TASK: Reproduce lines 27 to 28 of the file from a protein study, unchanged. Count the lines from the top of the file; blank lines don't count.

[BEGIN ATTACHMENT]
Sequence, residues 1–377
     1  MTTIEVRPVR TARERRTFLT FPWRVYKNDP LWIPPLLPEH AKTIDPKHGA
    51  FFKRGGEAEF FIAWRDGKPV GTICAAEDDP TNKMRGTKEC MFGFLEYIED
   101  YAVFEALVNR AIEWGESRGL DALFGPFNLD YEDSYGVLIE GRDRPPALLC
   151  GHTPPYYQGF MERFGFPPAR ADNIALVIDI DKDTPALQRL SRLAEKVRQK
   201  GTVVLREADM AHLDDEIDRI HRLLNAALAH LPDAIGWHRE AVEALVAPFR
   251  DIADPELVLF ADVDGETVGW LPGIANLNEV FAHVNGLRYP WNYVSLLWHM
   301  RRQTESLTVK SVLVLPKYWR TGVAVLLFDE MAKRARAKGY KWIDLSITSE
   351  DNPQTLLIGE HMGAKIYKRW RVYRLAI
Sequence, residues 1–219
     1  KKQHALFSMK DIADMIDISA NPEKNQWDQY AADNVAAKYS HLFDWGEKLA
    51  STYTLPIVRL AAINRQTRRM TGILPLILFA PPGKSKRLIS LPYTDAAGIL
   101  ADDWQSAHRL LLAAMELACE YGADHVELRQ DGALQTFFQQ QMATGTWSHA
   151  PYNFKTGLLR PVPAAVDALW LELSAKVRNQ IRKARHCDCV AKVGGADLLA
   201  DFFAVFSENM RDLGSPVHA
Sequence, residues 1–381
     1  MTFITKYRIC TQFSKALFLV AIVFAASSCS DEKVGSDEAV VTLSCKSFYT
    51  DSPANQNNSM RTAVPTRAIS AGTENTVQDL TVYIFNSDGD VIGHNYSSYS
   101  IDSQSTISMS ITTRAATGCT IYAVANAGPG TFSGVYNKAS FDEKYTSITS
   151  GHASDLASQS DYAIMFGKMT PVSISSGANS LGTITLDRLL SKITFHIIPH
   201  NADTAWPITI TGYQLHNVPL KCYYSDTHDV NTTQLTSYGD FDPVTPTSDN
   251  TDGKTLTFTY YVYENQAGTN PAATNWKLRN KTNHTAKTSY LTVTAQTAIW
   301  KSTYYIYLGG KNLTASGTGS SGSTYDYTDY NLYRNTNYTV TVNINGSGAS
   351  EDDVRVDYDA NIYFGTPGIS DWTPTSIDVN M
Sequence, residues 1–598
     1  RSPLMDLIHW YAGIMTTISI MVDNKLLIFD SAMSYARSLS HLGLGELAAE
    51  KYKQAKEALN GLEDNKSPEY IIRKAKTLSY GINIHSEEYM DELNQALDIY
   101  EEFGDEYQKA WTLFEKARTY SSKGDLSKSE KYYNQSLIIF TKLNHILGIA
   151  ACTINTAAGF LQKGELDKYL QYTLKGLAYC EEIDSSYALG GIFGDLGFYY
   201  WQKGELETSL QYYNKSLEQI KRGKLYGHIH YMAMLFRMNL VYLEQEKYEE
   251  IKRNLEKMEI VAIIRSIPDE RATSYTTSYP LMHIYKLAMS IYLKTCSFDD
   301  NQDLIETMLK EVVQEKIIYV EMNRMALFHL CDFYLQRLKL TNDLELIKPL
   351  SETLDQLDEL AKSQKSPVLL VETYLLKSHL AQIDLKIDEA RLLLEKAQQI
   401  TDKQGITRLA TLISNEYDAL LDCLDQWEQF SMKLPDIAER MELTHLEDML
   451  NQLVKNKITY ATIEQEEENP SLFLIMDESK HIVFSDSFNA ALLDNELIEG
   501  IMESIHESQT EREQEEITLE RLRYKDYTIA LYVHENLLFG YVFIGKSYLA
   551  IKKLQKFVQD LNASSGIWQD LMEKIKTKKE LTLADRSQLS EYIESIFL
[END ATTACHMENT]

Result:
    51  KYKQAKEALN GLEDNKSPEY IIRKAKTLSY GINIHSEEYM DELNQALDIY
   101  EEFGDEYQKA WTLFEKARTY SSKGDLSKSE KYYNQSLIIF TKLNHILGIA